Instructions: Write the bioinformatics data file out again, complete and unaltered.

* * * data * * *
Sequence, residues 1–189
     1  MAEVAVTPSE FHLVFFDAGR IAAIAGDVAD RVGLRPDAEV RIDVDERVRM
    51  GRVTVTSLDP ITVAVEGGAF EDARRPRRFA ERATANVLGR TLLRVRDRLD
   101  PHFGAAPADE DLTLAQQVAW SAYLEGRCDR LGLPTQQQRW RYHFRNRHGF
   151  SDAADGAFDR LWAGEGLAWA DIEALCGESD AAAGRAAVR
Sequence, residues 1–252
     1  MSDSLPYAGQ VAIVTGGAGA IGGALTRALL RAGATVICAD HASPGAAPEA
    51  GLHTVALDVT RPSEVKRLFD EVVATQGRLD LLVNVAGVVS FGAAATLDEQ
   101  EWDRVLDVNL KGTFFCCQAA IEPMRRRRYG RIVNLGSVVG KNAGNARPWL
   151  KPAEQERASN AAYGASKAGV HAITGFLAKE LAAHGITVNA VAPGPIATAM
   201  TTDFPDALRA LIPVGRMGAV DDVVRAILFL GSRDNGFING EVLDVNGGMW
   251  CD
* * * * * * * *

Sequence, residues 1–189
     1  MAEVAVTPSE FHLVFFDAGR IAAIAGDVAD RVGLRPDAEV RIDVDERVRM
    51  GRVTVTSLDP ITVAVEGGAF EDARRPRRFA ERATANVLGR TLLRVRDRLD
   101  PHFGAAPADE DLTLAQQVAW SAYLEGRCDR LGLPTQQQRW RYHFRNRHGF
   151  SDAADGAFDR LWAGEGLAWA DIEALCGESD AAAGRAAVR
Sequence, residues 1–252
     1  MSDSLPYAGQ VAIVTGGAGA IGGALTRALL RAGATVICAD HASPGAAPEA
    51  GLHTVALDVT RPSEVKRLFD EVVATQGRLD LLVNVAGVVS FGAAATLDEQ
   101  EWDRVLDVNL KGTFFCCQAA IEPMRRRRYG RIVNLGSVVG KNAGNARPWL
   151  KPAEQERASN AAYGASKAGV HAITGFLAKE LAAHGITVNA VAPGPIATAM
   201  TTDFPDALRA LIPVGRMGAV DDVVRAILFL GSRDNGFING EVLDVNGGMW
   251  CD